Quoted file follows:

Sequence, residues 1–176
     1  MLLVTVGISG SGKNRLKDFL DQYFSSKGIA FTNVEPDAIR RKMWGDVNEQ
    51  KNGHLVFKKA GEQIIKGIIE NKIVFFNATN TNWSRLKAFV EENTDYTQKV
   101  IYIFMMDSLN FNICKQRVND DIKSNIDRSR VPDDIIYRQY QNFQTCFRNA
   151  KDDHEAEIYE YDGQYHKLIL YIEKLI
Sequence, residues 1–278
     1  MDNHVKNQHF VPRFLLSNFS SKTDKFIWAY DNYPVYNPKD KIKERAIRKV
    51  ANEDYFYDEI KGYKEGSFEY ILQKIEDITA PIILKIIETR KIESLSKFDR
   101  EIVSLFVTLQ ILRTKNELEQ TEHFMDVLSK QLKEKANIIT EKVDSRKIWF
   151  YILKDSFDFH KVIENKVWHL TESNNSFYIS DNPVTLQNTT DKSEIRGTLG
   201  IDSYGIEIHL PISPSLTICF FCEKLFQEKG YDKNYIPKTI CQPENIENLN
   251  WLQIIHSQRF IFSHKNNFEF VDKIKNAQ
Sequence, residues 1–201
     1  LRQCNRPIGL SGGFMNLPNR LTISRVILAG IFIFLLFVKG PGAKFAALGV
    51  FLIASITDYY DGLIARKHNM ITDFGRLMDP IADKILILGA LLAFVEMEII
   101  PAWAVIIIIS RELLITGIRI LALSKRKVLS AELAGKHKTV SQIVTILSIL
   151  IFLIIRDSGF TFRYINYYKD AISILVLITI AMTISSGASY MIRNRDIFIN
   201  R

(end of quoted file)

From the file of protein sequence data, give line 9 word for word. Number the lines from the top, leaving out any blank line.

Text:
   101  EIVSLFVTLQ ILRTKNELEQ TEHFMDVLSK QLKEKANIIT EKVDSRKIWF